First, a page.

IMDb > The Magnificent Ambersons (1942)
The Magnificent Ambersons
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The Magnificent Ambersons (1942) More at IMDbPro »

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Down 6% in popularity this week. See why on IMDbPro.
Booth Tarkington (from the novel by)
Orson Welles (script writer)
View company contact information for The Magnificent Ambersons on IMDbPro.
Release Date:
10 July 1942 (USA) See more »
From the Man who Made "The Best Picture of 1941" See more »
The spoiled young heir to the decaying Amberson fortune comes between his widowed mother and the man she has always loved. Full summary » | Add synopsis »
Plot Keywords:
Nominated for 4 Oscars. Another 2 wins See more »
User Reviews:
Marvellous work, but sadly suffers from limited time See more (102 total) »


  (in credits order) (verified as complete)

Joseph Cotten ... Eugene Morgan

Dolores Costello ... Isabel Amberson Minafer

Anne Baxter ... Lucy Morgan

Tim Holt ... George Minafer

Agnes Moorehead ... Fanny Minafer

Ray Collins ... Jack Amberson
Erskine Sanford ... Roger Bronson
Richard Bennett ... Major Amberson

Orson Welles ... Narrator (voice)
rest of cast listed alphabetically:
Edwin August ... Citizen (uncredited)
Georgia Backus ... Matron (uncredited)
Harry A. Bailey ... Citizen (uncredited)
Olive Ball ... Mary - Maid (uncredited)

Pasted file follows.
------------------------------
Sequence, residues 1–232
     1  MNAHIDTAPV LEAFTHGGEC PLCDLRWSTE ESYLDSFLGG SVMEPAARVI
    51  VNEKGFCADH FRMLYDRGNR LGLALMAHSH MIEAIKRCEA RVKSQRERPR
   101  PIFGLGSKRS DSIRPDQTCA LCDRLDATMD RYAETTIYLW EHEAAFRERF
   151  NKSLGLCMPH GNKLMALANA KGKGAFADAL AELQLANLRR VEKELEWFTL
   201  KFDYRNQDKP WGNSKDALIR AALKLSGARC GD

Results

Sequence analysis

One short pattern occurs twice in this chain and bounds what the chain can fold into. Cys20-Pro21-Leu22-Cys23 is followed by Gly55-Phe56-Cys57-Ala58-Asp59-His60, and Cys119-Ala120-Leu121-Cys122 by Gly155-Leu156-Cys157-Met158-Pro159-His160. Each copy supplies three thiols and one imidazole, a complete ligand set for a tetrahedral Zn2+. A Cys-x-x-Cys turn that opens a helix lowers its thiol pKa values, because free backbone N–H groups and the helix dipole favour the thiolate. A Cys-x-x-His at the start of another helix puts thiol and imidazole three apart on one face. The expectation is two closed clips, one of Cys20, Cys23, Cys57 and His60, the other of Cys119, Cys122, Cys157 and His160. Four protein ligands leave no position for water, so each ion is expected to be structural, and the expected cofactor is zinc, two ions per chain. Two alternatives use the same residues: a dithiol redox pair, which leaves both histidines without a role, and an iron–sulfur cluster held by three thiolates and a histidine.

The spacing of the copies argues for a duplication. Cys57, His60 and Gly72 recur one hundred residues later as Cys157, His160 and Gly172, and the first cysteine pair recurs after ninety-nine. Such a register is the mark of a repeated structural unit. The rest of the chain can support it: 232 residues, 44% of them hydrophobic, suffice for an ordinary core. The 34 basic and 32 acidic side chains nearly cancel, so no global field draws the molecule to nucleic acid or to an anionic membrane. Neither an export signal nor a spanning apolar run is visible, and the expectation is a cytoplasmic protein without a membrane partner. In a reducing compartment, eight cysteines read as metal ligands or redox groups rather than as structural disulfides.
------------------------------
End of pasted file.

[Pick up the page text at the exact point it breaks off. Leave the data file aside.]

Jack Baxley ... Reverend Smith (uncredited)
William Blees ... Young Man at Accident (uncredited)
Lyle Clement ... Citizen (uncredited)
Bobby Cooper ... George Minafer as a Boy (uncredited)
Don Dillaway ... Wilbur Minafer (uncredited)
Heenan Elliott ... Workman (uncredited)
John Elliott ... Guest (uncredited)
William Elmer ... Servant (uncredited)
James Fawcett ... Citizen (uncredited)
Mel Ford ... Fred Kinney (uncredited)

Nancy Gates ... Girl (uncredited)
Nina Guilbert ... Guest (uncredited)

William Hoehne Jr. ... Blond haired boy (uncredited)
Maynard Holmes ... Citizen (uncredited)
Edward Howard ... Chauffeur (uncredited)
Harry Humphrey ... Citizen (uncredited)
Elmer Jerome ... Attendee at Funeral (uncredited)
J. Louis Johnson ... Sam - Butler (uncredited)
Lew Kelly ... Citizen (uncredited)
Del Lawrence ... Citizen (uncredited)
Bert LeBaron ... Citizen (uncredited)
John McGuire ... Young Man (uncredited)
Philip Morris ... Policeman (uncredited)
Anne O'Neal ... Mrs. Foster (uncredited)
Gil Perkins ... Citizen (uncredited)
Charles R. Phipps ... Uncle John (uncredited)
Hilda Plowright ... Nurse (uncredited)
Drew Roddy ... Elijah (uncredited)
Henry Roquemore ... Hardware Man (uncredited)
Jack Santoro ... Barber (uncredited)
Gus Schilling ... Drug Clerk (uncredited)
Kathryn Sheldon ... Matron (uncredited)
Sada Simmons ... Wife (uncredited)
Dorothy Vaughan ... Mrs. Johnson (uncredited)